Reattribution Training
    When facing challenges common in the workplace, employees who attribute hardships to temporary, external factors are more likely to excel in the face of failure than employees who attribute setbacks to internal factors such as ability (Weiner, 1985).
    Hence on top of giving sense of belonging to new joiners, reminding them that the things they are going through is something that can be overcome, and was experienced by many of those who joined the community previously.
    Consider the following scenario. During the onboarding process, employers can share stories with new employees about others’ experiences when first joining company. For example, highlighting cases where individuals first felt like an outsider, but then developed a sense of community after joining an organization-related club. When a new trainee experiences difficulty learning a new job skill, the trainer can emphasize that other new employees experienced initial trouble but mastered the skill after practice, which will diffuse the negativity of the setback.

    The Growth Mindset
    Emphasize effort rather than perceived innate abilities.
    An entity or fixed mindset reflects beliefs that intelligence is something humans are born with and that the capacity to increase intelligence occurs within innate boundaries. This mindset promotes viewing mistakes and challenges as evidence of low intelligence. In contrast, an incremental or malleable view of intelligence suggests that intelligence is a result of learning and hard work and that anyone can increase their intelligence. In this mindset, mistakes are viewed as an important part of the learning process.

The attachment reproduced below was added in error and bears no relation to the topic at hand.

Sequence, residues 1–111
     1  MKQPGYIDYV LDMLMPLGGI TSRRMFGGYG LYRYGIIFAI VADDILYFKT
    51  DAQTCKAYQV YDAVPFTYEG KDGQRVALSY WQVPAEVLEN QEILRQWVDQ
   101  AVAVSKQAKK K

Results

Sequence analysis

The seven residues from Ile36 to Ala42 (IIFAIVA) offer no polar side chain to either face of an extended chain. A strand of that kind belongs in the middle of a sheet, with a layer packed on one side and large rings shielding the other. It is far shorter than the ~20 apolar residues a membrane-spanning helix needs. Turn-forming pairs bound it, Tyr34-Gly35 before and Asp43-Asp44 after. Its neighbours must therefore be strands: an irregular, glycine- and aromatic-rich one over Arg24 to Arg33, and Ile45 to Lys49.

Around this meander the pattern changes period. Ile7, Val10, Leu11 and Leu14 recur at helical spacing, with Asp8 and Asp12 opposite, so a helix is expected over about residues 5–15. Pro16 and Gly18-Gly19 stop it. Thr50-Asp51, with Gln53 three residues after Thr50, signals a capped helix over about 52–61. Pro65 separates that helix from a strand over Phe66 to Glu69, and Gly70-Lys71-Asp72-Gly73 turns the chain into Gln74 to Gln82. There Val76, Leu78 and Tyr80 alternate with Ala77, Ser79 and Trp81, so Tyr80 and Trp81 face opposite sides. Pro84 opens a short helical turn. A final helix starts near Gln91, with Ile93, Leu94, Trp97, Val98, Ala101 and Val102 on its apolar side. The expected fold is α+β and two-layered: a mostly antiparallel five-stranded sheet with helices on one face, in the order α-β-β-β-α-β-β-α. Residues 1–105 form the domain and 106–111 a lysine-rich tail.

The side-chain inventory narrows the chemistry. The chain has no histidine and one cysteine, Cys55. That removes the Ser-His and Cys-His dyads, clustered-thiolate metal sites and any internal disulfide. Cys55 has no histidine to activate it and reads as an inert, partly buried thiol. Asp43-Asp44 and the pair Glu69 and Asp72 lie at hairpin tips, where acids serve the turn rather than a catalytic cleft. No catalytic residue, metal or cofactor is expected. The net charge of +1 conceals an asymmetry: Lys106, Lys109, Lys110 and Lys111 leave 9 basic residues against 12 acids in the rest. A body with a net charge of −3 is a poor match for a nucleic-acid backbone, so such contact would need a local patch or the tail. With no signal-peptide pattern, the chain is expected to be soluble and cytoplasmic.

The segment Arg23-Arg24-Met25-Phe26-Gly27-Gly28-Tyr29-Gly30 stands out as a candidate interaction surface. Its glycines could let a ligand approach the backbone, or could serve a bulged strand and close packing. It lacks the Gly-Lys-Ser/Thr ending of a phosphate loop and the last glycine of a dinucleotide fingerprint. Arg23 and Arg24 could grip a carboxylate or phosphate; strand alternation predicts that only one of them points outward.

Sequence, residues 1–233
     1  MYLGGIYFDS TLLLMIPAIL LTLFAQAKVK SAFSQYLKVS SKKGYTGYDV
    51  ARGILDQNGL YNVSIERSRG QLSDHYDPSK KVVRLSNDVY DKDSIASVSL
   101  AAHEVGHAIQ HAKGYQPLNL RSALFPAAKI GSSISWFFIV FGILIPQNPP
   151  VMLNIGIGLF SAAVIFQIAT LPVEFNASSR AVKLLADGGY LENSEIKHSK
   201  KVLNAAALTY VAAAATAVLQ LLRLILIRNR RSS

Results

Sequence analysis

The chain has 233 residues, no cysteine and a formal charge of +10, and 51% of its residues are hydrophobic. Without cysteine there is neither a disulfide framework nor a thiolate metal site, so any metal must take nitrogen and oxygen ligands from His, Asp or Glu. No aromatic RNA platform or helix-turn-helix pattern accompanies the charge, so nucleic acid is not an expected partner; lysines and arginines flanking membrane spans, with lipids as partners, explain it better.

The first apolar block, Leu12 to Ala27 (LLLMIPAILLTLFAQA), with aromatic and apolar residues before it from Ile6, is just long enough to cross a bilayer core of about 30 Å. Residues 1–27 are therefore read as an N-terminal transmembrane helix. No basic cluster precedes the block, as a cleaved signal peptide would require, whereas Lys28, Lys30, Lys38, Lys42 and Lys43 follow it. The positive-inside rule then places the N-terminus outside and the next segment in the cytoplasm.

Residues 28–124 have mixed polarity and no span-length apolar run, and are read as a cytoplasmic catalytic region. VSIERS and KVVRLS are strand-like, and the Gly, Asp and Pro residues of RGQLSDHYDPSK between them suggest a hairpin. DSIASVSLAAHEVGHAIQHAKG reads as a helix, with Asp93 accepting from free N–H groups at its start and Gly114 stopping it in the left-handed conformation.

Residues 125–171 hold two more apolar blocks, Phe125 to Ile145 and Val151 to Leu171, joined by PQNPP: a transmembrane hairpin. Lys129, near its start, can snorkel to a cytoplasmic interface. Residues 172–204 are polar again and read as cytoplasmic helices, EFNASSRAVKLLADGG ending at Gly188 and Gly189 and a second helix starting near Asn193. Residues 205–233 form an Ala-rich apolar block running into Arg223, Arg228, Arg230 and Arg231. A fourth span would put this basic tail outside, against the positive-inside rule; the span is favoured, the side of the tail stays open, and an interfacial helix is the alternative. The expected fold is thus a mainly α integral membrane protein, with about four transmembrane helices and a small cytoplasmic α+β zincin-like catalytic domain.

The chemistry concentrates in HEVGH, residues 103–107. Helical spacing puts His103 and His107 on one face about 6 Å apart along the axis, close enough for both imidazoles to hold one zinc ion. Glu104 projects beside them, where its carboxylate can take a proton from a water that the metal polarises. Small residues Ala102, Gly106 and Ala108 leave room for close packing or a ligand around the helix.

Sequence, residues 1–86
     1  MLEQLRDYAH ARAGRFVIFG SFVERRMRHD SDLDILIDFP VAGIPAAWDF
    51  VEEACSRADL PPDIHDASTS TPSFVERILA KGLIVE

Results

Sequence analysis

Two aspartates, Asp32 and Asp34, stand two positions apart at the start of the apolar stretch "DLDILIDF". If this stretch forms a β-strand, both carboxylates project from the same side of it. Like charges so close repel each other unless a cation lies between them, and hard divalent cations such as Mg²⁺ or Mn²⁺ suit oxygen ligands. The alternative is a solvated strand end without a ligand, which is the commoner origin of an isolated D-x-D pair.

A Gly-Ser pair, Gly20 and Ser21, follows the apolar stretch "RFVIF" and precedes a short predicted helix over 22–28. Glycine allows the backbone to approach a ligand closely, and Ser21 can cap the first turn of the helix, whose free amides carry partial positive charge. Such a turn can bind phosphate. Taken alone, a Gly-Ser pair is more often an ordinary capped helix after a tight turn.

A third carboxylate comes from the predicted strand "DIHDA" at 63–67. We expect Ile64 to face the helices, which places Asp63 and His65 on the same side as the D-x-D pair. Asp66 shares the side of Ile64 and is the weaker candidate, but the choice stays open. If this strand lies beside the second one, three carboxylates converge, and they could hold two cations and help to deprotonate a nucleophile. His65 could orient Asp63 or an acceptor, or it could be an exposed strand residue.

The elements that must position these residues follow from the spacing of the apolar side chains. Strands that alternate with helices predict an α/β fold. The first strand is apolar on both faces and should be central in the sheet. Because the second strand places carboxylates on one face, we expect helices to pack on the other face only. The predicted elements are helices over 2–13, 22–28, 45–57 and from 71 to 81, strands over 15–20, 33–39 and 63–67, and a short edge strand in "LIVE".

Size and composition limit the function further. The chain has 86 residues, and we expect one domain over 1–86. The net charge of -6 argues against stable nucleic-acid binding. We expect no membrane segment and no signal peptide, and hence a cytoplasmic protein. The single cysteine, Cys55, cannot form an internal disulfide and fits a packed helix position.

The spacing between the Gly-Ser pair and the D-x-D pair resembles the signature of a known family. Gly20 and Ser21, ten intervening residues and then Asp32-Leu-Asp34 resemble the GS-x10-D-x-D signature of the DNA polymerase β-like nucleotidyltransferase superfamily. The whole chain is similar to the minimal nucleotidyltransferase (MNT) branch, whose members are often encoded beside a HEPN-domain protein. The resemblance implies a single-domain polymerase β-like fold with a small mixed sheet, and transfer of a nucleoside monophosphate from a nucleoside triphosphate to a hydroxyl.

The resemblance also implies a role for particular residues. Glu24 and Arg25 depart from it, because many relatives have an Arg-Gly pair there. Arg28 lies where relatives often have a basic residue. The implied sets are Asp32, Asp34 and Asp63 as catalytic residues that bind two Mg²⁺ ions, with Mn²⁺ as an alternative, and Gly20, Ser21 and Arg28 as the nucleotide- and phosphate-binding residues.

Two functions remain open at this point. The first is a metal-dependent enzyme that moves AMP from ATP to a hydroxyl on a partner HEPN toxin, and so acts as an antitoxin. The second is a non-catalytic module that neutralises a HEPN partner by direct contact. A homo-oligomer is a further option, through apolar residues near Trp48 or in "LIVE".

Research with adolescents (Paunesku et al., 2015), girls (Good et al., 2003), and racial minorities (Aronson et al., 2002) struggling with math shows that incremental mindsets predict learning and achievement. Recent work has documented that organizations perceived to have fixed mindsets elicited more stereotype threat among women (Emerson and Murphy, 2015). Organizations perceived to have a growth (incremental) mindset did not elicit threat and women reported greater trust and commitment to the organization and had higher performance (Emerson and Murphy, 2015).

    It is important to remember that, more often that not, these biases are not the result of any ill intentions. The goal, therefore, is not to find fault or assign blame; this is not about fixing people, but rather it is about recognizing and interrupting these biases
  • The good news is, that these kinds of efforts have been made.


  • And the stereotypes, fixations, and entitlements don’t end in gender. It happens an every social identity.